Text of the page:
As reflected in clinical findings, the response to PDE5 inhibitors is poor in male patients with post-RP ED resulting from CN injury.[25] Although attempts have been made to regenerate injured nerves by neurotrophic factors[26],[27] or immunophilin ligands,[28],[29] their responsiveness of cavernous tissue would be compromised even if successful neural regeneration is achieved, due to the histologic changes in the target organ. Moreover, based on our experience, erectile function is unlikely to be restored after CVOD because of apoptosis and fibrosis. Hence, an early intervention to preserve the integrity of corpus cavernosum is likely critical for erectile functional recovery.[30] Hence, this study was aimed to identify the functional and morphological characterization of the corpus cavernosum after CN injury or neurectomy and then reveal whether early treatment with losartan would improve erectile function as well as its potential pathophysiologic mechanisms.

As for fibrosis, a previous study by Canguven et al.[31] had fully demonstrated the antifibrotic mechanisms after bilateral CN injury and our outcomes merely reconfirmed its role. On the other hand, our model was also reconfirmed to be effective. Hence, this article mainly focused on the aspects of apoptosis and oxidative stress. A major finding of the current study was that Ang II increased apoptosis and oxidative stress in the corpus cavernosum, resulting in an impaired erectile response. Despite a modest effect on erectile function, the Ang II Type 1 receptor antagonist losartan could significantly reduce corporal apoptosis and oxidative stress via inhibiting the Akt/Bad/Bax/caspase-3 and Nrf2/Keap-1 signaling pathways in the rat model of CN injury.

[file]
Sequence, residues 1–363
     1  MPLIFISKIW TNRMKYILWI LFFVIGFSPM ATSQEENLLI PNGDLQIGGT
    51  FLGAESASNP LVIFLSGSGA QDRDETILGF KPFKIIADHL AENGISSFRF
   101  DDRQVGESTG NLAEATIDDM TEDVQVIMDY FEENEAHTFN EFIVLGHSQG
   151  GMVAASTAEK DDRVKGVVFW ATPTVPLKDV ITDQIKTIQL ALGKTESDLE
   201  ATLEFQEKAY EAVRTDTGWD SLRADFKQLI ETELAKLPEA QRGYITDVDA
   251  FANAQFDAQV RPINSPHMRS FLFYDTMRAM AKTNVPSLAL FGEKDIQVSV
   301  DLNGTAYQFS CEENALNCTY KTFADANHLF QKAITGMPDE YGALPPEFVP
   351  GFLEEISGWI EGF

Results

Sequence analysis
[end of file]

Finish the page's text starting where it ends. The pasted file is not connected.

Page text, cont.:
Ang II, produced and secreted by the human corpus cavernosum, was present in this tissue at a concentration about 200-fold higher than in plasma and played a key role in the pathogenesis of ED.[32],[33] A study by Kifor et al.[16] showed that intracavernous injection of Ang II could terminate spontaneous erection, whereas treatment with losartan resulted in smooth muscle relaxation and erection in anesthetized dogs. In normotensive aged rats, losartan restored age-related ED attributable to increased oxidative stress and diminished endothelial nitric oxide synthase (eNOS) expression.[34] In spontaneously hypertensive rats, long-term combined therapy with losartan and sildenafil was revealed as a useful tool for functional and structural modification in cavernous tissue.[35] However, the definite role of Ang II in the case of CN injury was seldom involved. Hence, the Ang II Type 1 receptor antagonist losartan was chosen to discover its potential mechanisms in a rat model of CN injury.